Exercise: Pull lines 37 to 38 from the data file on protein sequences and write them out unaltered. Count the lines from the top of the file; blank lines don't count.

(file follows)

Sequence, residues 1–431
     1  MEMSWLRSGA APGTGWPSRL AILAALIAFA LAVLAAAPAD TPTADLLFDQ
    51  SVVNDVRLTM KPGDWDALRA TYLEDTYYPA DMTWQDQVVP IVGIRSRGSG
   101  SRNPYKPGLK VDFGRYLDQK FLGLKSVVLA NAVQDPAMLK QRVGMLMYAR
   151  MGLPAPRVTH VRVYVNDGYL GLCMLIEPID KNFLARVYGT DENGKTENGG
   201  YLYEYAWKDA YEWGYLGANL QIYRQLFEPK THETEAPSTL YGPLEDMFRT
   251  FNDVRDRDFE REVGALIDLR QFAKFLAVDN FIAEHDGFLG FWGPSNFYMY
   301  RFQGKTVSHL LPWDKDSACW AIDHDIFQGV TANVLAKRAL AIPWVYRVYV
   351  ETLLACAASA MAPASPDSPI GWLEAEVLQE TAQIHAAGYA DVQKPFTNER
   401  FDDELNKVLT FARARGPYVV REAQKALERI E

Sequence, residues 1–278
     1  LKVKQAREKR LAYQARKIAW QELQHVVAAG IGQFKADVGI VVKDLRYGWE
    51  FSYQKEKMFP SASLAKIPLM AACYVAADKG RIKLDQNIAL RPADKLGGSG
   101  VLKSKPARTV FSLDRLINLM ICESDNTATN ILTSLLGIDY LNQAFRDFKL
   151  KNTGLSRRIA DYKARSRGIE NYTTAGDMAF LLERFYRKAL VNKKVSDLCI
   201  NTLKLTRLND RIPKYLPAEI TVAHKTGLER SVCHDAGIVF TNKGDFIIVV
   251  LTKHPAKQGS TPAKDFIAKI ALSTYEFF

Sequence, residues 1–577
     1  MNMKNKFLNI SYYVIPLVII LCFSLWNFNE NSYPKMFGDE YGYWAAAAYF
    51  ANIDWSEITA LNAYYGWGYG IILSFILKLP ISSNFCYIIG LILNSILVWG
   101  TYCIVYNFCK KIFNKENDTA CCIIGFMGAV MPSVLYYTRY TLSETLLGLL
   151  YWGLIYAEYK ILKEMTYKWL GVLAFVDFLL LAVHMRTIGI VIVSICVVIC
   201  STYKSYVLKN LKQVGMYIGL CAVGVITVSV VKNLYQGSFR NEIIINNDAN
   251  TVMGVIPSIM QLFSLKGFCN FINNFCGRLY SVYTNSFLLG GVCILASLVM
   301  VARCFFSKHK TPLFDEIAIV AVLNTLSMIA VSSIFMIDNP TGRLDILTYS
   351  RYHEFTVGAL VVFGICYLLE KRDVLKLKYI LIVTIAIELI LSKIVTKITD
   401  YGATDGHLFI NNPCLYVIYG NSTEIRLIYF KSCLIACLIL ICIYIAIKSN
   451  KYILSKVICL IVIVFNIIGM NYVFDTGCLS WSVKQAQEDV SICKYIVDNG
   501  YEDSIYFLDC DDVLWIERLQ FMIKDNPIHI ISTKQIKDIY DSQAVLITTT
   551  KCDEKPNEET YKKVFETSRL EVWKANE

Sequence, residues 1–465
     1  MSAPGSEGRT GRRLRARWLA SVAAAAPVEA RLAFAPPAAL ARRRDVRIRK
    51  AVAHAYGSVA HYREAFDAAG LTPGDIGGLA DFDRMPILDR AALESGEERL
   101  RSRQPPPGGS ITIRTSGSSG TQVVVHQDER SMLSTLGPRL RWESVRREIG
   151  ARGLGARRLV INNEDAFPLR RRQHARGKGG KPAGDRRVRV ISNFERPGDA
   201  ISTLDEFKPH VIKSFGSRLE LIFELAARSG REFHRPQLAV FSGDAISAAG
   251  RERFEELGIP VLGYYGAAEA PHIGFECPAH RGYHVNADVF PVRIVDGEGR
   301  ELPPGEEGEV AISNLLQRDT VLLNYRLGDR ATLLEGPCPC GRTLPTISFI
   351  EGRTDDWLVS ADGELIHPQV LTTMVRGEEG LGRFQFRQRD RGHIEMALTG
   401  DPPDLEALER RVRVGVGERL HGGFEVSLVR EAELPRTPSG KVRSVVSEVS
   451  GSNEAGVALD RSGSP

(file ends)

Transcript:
   251  RERFEELGIP VLGYYGAAEA PHIGFECPAH RGYHVNADVF PVRIVDGEGR
   301  ELPPGEEGEV AISNLLQRDT VLLNYRLGDR ATLLEGPCPC GRTLPTISFI